JERSEY CITY, N.J. — The nation’s fruit industry is on the brink of a crisis after frozen fruit pickers nationwide began protesting their jobs.
Walgreens announced it was suspending the sale of frozen fruit in the U.S. and in several other states, including Pennsylvania, while retailers such as Target and Walmart announced they would no longer carry fruit.
Walmart and Target are among the companies that have begun freezing fruit and vegetables in recent weeks.
The companies say frozen pickers have been working long hours in harsh conditions to pick fruit in cold weather and are underpaid.
The companies say they will use the money to pay overtime.
WalMart spokeswoman Stephanie Breen said the company will “evaluate all options” and that it is “working with Walgreens to ensure that employees can resume their normal work schedules.”
Target spokeswoman Stephanie McCausland said the retailer “will evaluate all options,” and added that “it is a challenging situation for our employees.”
Target is not the only major retailer that has taken a stand.
In New York City, restaurants are banning frozen fruit and frozen veggies in their food court.
The issue has been escalating since late February, when the U,S.
Department of Labor’s Wage and Hour Division issued a notice to retailers that their contracts require them to pay tipped workers at least $2.13 per hour.
Walgreens, Target and other retailers say the $2 per hour wage is an effective rate, and that the wage is not set by the federal government.
They argue that the $3 per hour minimum wage that the federal minimum wage for tipped workers is set at.
The dispute began when the Department of Justice issued a memo that outlined the legal requirement for tipped employees to be paid minimum wage.
A group of fruit picker advocates, including some who work for the International Union of Operating Engineers, a union that represents fruit pickering workers, said that the memo is illegal.
Wage theft, labor law experts say, is a serious problem.
It’s a big reason why so many workers lose their jobs in retailing, such as in restaurants and warehouses, and why wages are so low.
It also has a devastating impact on people’s lives, including when they lose their health care and social safety net.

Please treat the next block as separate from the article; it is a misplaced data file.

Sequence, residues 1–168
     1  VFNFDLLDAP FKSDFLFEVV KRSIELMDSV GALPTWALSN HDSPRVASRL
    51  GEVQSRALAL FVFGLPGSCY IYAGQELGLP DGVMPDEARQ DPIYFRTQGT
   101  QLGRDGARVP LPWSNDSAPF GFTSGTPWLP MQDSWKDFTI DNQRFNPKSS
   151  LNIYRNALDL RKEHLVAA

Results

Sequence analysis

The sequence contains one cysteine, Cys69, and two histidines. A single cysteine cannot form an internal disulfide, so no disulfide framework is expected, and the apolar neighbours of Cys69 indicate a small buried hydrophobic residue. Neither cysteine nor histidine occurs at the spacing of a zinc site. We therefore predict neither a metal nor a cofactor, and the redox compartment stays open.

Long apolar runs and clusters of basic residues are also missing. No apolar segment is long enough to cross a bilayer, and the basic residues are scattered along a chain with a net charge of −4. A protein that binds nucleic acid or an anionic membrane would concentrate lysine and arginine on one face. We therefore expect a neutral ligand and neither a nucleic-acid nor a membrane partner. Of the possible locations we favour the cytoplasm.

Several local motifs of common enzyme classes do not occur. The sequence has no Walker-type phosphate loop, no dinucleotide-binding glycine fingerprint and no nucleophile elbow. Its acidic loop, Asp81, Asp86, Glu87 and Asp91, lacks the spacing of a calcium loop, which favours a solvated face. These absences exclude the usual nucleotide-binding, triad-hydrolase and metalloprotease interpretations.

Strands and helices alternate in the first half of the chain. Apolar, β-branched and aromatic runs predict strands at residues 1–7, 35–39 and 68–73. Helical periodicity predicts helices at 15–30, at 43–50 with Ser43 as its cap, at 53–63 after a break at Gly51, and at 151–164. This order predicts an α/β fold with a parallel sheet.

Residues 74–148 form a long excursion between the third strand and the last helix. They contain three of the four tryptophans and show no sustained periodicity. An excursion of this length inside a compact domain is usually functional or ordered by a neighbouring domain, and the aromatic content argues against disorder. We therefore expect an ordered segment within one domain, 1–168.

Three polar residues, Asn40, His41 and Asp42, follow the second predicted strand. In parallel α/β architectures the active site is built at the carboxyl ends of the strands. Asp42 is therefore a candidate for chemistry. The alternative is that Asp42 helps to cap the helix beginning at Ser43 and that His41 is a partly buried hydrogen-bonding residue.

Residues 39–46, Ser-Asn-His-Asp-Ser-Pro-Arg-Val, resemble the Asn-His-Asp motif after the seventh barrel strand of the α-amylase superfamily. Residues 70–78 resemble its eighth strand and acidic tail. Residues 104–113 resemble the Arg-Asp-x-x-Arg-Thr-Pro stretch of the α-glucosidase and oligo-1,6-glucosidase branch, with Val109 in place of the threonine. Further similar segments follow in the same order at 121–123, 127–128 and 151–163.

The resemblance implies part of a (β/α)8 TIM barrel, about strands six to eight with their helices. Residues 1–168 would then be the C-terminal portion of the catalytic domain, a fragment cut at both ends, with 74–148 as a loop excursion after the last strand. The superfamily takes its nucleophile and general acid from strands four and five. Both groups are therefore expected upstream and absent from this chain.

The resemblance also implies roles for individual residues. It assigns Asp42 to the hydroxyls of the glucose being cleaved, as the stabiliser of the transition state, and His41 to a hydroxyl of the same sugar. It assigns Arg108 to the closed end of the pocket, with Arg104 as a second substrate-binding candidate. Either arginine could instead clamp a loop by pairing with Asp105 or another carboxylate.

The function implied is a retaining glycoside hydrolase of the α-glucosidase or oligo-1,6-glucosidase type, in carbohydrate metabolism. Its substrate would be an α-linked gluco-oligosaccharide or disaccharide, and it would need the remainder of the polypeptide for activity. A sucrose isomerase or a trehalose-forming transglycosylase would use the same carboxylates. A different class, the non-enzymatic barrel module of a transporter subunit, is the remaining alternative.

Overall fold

It’s a problem that’s particularly severe in rural areas, where many workers are in poverty, and it affects people who are vulnerable to abuse.
In some cases, it also has an impact on the children.
The Department of Agriculture recently released a report that found that children who are working in fruit picking are less likely to graduate high school.
The report found that fruit pickings disproportionately affect communities of color, including poor people and immigrants.
There are no federal minimum wages in the fruit industry.
But the U-S Department of the Treasury has made clear that it’s concerned about the wage theft problem.
Last year, the Treasury issued guidelines that would set a minimum wage at $7.25 per hour and that tipped workers would be eligible for overtime.
That’s an increase from the $7 per hour the government had previously set.
The government’s guidance also includes a provision that would require employers to pay all tipped workers a minimum of $2 for every $1 paid to tipped workers.
The fruit industry says it wants to protect workers, but that the increase in the federal tipped wage is a mistake.
The industry argues that it has been providing fair wages to workers since the 1950s, when federal law required the tipped wage to be at least the federal hourly rate.
The growers association, which represents fruit growers, has filed a lawsuit against the Department, saying that it “has failed to comply with its duty to pay wages fairly and equitably.”
The lawsuit was filed on behalf of two of the growers who work at the largest growers in New Jersey, according to the group’s executive director, James M. Hough.
Wal-Mart spokeswoman Michelle Breen would not say whether the company has reached out to the growers.
But she said, “We’re actively working to reduce the wage gap in our supply chain to ensure our associates are treated fairly.”
Target said it has “worked closely with the department to address wage theft issues in the industry.”
Target and Target also said they will not continue to sell fruit at Walgards stores.
Target said it will be replacing all its frozen fruit with frozen vegetable and fruit from other retailers.
Target and Wal-Mart will pay tipped employees $2 more per hour than their hourly wage.
Target will pay workers $2 less per hour for every dollar tipped.
Target will pay the difference between the $1 per hour tipped wage and the $6.25 hourly federal minimum for tipped labor.
Target is also working with the Department to develop a policy to reduce wage theft.
It said it plans to release a new policy “that will better protect and provide equal pay for our associates, including workers who